Tuesday, October 9, 2012

A Dangerous Inheritance by Alison weir

* * * 1/2


In this engrossing novel of historical suspense, New York Times bestselling author Alison Weir tells the dramatic intertwined stories of two women—Katherine Grey and Kate Plantagenet—separated by time but linked by twin destinies . . . . involving the mysterious tragic fate of the young Princes in the Tower.

When her older sister, Lady Jane Grey, the Nine Days’ Queen, is executed in 1554 for unlawfully accepting the English crown, Lady Katherine Grey’s world falls apart. Barely recovered from this tragic loss she risks all for love, only to incur the wrath of her formidable cousin Queen Elizabeth I, who sees Katherine as a rival for her insecure throne.

Interlaced with Katherine’s story is that of her distant kinswoman Kate Plantagenet, the bastard daughter of Richard III, the last Plantagenet king. In 1483, Kate travels to London for Richard’s coronation, and her world changes forever.

Kate loves her father, but before long she hears terrible rumors about him that threaten all she holds dear. Like Katherine Grey, she falls in love with a man who is forbidden to her. Then Kate embarks on what will become a perilous quest, covertly seeking the truth about what befell her cousins the Princes in the Tower, who may have been victims of Richard III’s lust for power. But time is not on Kate’s side, or on Katherine’s.

Katherine finds herself a prisoner in the Tower of London, the sinister fortress that overshadowed the lives of so many royal figures, including the boy princes. Will Elizabeth demand the full penalty for treason? And what secrets will Katherine find hidden within the Tower walls?

History is amazing. It’s the ultimate soap opera , reality show if you will, featuring impeccable heroes, devious scoundrels, dysfunctional families and egomaniacs  hungry for power. Weir’s novel encompasses all that delivering a well-crafted story set during two of the most tumultuous times in England and featuring one of the most gruesome murders in its history.

Weir parallels two young ladies who are witnesses to their respective monarchy’s uncertain futures.  Kate Plantagenet is the illegitimate daughter of Richard, Duke of Gloucester who ascends to the throne after imprisoning his two nephews in the Tower.  Katherine Grey, a cousin of Elizabeth I sits in the precarious position of being the potential rival to the throne should Elizabeth I not marry and have children.  Both are distantly related and both suffer tragically at the hands of their families and the political turmoil that they are unwittingly drawn into.

Rather than spell out how the story goes, I’ll explain how simply engrossing A Dangerous Inheritance is. Weir is an established historian and one of my favorite authors. (Yes, I did squeal like a little girl and do the happy dance when I received this ARC.) She has written extensively on the monarchy (I own many of her books) and her knowledge comes through very distinctly.  Two of her books in particular came in handy for me as I read this book, The War of the Roses and The Princes In The Tower.  Handy for me because I get geeky and like to research and look at genealogy charts.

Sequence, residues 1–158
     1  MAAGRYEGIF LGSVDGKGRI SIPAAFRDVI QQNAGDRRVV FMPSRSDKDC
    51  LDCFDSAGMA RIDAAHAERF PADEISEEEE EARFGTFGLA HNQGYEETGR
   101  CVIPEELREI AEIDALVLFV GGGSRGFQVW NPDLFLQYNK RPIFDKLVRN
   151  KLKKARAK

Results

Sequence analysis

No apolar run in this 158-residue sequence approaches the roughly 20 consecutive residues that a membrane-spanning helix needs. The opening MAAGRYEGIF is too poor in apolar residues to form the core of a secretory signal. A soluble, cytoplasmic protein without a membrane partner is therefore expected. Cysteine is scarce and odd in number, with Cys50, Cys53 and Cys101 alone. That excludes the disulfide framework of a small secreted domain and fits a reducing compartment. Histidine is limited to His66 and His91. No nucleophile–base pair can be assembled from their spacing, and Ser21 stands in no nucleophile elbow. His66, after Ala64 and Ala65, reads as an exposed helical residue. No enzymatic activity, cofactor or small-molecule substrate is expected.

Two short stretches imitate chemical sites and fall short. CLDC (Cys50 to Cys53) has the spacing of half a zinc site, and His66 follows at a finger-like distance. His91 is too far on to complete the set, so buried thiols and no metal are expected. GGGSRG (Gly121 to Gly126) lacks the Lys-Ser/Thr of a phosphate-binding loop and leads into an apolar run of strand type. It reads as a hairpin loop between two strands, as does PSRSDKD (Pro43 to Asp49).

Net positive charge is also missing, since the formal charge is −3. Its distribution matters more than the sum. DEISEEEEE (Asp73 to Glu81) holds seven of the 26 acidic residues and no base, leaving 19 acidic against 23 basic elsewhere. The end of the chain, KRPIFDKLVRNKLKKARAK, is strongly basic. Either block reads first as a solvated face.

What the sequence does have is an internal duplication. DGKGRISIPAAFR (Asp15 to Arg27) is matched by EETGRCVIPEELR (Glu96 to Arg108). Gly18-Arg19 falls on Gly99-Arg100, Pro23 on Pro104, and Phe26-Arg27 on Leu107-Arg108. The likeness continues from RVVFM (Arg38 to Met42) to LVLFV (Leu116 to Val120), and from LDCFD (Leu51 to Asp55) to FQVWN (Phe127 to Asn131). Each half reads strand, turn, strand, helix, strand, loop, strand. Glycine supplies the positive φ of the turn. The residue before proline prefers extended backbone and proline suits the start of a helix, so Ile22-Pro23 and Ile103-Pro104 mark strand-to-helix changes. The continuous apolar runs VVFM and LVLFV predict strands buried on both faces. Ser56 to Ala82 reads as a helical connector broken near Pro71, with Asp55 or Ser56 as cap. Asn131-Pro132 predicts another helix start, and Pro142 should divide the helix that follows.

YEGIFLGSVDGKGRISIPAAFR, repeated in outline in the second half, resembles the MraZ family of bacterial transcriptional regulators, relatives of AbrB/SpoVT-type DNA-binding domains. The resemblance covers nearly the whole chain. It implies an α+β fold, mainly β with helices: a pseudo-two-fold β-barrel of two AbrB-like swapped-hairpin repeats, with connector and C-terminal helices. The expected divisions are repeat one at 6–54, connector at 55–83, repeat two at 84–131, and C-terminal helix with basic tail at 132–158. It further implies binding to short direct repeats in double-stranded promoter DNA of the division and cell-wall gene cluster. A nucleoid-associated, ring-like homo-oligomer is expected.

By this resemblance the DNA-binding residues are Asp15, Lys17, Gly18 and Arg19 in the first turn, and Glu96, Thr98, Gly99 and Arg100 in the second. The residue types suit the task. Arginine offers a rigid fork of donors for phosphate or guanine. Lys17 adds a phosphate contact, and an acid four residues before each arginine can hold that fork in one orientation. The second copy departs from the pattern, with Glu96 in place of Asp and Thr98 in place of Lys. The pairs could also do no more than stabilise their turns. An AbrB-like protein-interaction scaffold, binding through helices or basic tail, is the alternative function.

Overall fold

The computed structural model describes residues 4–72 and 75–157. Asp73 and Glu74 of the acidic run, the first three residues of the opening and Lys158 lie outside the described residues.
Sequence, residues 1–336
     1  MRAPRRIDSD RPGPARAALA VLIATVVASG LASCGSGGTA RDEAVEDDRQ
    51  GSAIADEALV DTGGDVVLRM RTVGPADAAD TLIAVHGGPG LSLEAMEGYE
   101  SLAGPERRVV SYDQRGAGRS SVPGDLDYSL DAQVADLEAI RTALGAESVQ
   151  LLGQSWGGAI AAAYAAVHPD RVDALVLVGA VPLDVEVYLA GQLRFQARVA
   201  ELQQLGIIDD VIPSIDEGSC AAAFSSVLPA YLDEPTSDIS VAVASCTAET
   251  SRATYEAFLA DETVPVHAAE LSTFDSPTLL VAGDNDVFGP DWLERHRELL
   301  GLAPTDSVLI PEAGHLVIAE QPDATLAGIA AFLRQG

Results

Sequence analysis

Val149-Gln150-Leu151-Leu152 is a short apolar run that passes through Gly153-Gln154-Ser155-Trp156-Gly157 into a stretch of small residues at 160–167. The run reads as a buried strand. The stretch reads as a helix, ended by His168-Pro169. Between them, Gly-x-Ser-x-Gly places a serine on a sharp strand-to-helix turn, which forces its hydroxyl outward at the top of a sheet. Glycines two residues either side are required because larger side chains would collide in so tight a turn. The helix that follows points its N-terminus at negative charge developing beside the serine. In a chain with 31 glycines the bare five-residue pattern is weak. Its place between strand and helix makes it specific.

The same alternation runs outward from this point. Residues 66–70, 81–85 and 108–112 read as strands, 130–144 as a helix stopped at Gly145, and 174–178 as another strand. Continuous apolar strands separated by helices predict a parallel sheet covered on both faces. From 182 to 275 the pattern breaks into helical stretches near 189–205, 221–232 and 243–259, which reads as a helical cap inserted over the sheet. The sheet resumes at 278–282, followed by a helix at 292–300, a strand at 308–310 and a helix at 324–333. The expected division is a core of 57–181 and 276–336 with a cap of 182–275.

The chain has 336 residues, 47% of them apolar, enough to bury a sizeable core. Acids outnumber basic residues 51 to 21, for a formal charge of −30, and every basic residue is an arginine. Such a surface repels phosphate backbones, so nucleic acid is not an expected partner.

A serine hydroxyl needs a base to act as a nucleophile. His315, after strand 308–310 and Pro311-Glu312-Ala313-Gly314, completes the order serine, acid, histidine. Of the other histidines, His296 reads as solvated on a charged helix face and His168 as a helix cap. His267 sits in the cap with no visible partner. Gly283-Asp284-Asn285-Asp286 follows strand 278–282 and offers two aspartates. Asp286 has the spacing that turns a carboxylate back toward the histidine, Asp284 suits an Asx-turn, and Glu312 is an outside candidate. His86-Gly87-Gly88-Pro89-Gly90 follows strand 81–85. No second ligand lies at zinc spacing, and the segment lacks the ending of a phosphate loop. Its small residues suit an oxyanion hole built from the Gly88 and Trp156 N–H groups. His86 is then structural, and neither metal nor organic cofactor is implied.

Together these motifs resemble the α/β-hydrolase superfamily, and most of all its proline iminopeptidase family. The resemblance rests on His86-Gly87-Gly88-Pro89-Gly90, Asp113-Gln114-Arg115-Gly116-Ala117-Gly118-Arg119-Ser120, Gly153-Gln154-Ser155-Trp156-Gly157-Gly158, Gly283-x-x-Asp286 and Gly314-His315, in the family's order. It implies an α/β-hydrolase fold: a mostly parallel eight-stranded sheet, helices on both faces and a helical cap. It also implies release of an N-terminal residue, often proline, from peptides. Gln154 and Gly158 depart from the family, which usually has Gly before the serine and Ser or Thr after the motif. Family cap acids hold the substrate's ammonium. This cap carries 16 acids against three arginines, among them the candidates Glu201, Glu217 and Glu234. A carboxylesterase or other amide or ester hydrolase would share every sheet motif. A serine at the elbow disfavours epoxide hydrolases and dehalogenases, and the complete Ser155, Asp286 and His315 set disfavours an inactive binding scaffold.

What impressed me most was how Weir managed to make Richard III, one of the most reviled and ridiculed monarchs in English history, sympathetic through the eyes of his daughter Kate. She loves her father unconditionally and aims to disprove the malicious gossip at court surrounding her father’s unprecedented usurpation of the throne.  Many years later and Katherine Grey is embroiled in a Spanish conspiracy to depose Elizabeth I and plant her on the throne to restore Catholicism. Both girls, young and impressionable, are pawns in a volatile politically charged arena.

Whether you’re a fan of history or simply like some mystery with your historical fiction, A Dangerous Inheritance will pull you in. Weir is a remarkable writer. No matter fiction or non-fiction, she has always drawn me into the worlds she creates and I'm glad to feel as if I'm in the thick of it, not just a bystander reading words on a page. It’s not necessary at all to have previous knowledge of the political background in order to appreciate the course of events as they unfold in A Dangerous Inheritance. Weir does an excellent job of explaining the relationships and political ties without getting bogged down in too much weary detail.  However, if after reading this book, you feel so inclined to learn more about the of these families and the events mentioned, then I highly suggest her other two books I mentioned above.

~ Bel




  1. Although Alison Weir is my favorite author I tend to only read her non-fiction. okay that is a big story. However I do know I like her non-fiction way better. BUT, Innocent Traitor and now A Dangerous Inheritance have become at the very top of my list! Don't miss outI A Dangerous Inheritance is a page turner!

    charmaine of Janitorial Services Dallas

  2. Hi Charmaine! Yes I enjoy her non-fiction works as well. Her book on Elizabeth I is what first turned me on to her. She has an amazing way of making history come alive. I tend to be skeptical of historical fiction but I think she did a great job with this one. Thanks for stopping by! ~ Bel